Communication and Everyday Routines
This presentation focuses on embedding communication strategies into everyday routines for individuals with Angelman Syndrome. The presenters, a speech therapist and an occupational therapist, provide practical examples and tips for supporting communication and independence. They emphasize the importance of motivation, identifying language levels, and modelling the use of AAC systems. The presentation also covers daily living adaptations, such as using adaptive equipment and creating visual schedules. The presenters offer strategies for activities like getting dressed, mealtime, going for a walk, bathing, reading, and bedtime. They provide resources and encourage open communication with therapy teams.
Welcome to our presentation, “From Grandiose to Real Life: How to Embed Communication into Your Everyday Routines.” We, Lauren DeValk and Caroline Woeber, are speech and occupational therapists who are passionate about our jobs. We are excited to share practical examples and strategies to help you communicate more effectively and promote independence for your child. In this presentation, we will discuss communication strategies, daily living adaptations, and how to integrate them into your everyday activities.
Caroline Weeber, a speech therapist and AAC specialist at Children’s Hospital Colorado, became interested in Angelman Syndrome after a friend’s son was diagnosed with the condition. She is dedicated to bringing her AAC background to help children and families in the Chromosome 15 Clinic.
Lauren DeValk, an occupational therapist at Children’s Hospital Colorado, was inspired to work with individuals with Angelman Syndrome after caring for a 10-year-old girl with the condition. She is passionate about finding new ways to promote independence and access for people with Angelman Syndrome.
Motivating Your Child
One important strategy is to identify what motivates your child. By understanding their interests and preferences, you can make communication more exciting and engaging for them. For example, if your child is socially motivated, you can add songs, tickles, or one-on-one time during activities like teeth brushing. If your child is sensory-seeking, you can incorporate sensory activities like body brushing or bouncing into the routine. The key is to find what your child loves and use it to make communication more enjoyable.
Identifying Language Level
It is essential to understand your child’s language level and use appropriate communication methods. For emerging communicators, you can model communication by using gestures, pictures, or speech generating devices. Supported communicators may need help learning when and how to use their communication system, while independent communicators can expand their vocabulary and use more complex phrases. It is important to continue teaching new words and providing access to their communication system.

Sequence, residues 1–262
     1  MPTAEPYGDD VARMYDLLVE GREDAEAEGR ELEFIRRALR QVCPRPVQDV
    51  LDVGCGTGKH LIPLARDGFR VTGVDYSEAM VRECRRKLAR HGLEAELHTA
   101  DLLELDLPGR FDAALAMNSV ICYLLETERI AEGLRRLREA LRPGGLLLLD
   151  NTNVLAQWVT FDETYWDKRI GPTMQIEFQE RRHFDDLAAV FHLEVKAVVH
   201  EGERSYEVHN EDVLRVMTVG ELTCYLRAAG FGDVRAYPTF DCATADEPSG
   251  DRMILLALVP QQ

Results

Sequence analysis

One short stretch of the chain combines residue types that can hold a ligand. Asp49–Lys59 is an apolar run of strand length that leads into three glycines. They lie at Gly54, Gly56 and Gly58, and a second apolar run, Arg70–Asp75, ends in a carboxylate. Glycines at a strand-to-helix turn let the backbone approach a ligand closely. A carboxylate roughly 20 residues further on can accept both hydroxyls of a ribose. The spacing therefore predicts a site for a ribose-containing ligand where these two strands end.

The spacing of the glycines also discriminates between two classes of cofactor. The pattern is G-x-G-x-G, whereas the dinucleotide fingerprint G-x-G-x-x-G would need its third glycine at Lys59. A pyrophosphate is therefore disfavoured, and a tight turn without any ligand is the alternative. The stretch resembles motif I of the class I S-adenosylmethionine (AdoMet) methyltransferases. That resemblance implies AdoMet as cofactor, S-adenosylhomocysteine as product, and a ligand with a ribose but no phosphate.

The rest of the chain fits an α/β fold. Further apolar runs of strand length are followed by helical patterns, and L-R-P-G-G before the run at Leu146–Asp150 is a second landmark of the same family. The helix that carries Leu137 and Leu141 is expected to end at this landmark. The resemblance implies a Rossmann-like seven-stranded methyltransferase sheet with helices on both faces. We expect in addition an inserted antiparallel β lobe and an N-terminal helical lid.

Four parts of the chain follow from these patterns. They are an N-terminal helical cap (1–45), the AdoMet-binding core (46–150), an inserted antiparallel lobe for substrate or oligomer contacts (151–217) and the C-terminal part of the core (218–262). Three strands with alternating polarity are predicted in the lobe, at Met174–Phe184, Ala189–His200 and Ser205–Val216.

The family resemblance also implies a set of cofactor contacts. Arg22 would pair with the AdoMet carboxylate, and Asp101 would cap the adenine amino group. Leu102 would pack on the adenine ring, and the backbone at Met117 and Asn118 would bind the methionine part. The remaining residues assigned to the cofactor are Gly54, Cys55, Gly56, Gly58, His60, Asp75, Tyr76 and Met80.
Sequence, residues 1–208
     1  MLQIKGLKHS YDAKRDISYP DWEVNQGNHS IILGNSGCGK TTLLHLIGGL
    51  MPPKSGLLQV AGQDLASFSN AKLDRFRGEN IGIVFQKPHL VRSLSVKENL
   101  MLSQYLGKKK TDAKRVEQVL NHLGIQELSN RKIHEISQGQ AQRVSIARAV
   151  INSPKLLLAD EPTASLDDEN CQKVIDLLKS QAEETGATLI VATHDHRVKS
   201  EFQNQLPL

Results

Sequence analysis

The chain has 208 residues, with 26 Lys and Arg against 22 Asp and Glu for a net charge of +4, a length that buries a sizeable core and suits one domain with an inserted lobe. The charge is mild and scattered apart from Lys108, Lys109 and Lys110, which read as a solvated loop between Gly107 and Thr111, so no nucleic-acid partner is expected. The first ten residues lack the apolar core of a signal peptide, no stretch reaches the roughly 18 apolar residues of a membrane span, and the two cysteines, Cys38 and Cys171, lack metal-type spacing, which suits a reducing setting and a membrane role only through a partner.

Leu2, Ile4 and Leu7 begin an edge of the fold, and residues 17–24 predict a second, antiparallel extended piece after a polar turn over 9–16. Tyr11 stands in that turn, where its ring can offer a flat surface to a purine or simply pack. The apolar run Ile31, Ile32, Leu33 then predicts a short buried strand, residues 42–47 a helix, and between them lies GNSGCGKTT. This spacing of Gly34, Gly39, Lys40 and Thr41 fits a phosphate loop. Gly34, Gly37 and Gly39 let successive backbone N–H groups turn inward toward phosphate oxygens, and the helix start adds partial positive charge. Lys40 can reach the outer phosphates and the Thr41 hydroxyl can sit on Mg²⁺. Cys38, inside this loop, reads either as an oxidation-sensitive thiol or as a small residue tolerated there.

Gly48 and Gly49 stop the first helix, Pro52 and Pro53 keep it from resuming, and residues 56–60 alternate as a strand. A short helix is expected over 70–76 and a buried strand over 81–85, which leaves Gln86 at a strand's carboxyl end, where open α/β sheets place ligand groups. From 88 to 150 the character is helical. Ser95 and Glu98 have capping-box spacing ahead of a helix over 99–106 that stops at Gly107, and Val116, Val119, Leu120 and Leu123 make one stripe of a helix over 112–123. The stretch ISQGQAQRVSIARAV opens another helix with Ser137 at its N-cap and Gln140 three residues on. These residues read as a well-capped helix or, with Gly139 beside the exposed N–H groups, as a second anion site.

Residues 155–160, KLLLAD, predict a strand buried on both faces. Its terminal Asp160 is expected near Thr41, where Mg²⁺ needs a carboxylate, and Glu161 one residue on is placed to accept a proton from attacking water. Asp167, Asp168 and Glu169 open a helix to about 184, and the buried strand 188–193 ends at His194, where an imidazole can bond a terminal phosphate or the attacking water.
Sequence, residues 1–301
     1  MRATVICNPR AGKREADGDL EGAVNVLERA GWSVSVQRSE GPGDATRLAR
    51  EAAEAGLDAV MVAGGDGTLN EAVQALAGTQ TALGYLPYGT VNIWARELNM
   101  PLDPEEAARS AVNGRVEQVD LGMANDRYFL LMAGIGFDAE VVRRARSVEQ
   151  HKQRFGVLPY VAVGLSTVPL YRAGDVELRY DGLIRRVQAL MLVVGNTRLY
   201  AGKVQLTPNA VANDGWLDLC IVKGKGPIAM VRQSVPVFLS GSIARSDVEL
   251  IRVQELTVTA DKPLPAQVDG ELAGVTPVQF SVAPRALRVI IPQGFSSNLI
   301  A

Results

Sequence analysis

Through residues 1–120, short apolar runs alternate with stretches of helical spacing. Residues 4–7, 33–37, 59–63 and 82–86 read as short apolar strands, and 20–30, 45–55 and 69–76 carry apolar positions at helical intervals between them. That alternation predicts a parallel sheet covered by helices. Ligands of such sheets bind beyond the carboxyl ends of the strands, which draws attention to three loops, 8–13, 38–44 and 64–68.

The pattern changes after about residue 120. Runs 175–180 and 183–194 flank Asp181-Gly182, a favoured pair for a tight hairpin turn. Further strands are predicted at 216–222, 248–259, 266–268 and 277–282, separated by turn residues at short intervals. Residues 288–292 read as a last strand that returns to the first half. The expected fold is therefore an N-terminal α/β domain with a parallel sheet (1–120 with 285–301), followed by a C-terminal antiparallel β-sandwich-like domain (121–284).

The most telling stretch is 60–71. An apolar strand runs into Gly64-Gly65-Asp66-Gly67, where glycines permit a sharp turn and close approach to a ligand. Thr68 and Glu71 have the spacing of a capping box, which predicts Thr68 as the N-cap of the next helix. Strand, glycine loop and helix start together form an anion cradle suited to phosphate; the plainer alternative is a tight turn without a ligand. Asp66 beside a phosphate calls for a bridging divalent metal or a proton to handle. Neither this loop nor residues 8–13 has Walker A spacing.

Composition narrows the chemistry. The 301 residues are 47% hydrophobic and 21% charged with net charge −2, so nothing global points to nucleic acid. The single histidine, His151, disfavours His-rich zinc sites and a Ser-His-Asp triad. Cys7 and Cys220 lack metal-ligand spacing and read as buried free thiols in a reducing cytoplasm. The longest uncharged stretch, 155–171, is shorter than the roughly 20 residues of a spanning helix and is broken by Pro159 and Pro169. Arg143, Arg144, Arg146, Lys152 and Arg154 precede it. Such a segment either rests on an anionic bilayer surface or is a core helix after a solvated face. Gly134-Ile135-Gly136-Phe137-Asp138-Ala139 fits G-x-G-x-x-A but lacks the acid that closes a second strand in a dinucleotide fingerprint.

Modeling, or aided language stimulation, is a powerful way to teach your child how to use their AAC system. By using their communication system yourself, you show them that it is an accepted form of communication. Start by modeling words and phrases, and then wait for your child to imitate or respond. Repetition is key, and over time, your child will learn to use their communication system independently.
Daily Living Adaptations
Daily living adaptations are changes you can make to everyday activities to help your child reach their goals. For example, you can modify utensils to make them easier to grasp, use visual schedules to create routines, or create boundaries to decrease throwing behavior. By making small changes, you can increase your child’s independence and participation in daily activities.
Activities to Try at Home
We have selected seven activities that you can try at home to integrate communication strategies and daily living adaptations. These activities include getting dressed, mealtime, going for a walk, cleaning up, bathing, reading, and going to bed. For each activity, we provide examples and suggestions for different language levels, as well as adaptations and resources to support your child’s needs.
We hope that you will pick one activity from our presentation to try at home. Remember, these strategies take time and practice, but they can have a significant impact on your child’s communication and independence. We encourage you to have open conversations with your therapy and school teams and utilize the resources we have provided. Feel free to reach out to us if you have any questions or concerns. Thank you for joining us on this journey to embed communication into your everyday routines.
- Title: Communication and Everyday Routines
- Author(s): Lauren DeValk, Caroline Woeber
- Author(s)’ affiliation: Children’s Hospital Colorado
- Publication date: 2020-12-31
- Collection: 2020 FAST Educational Summit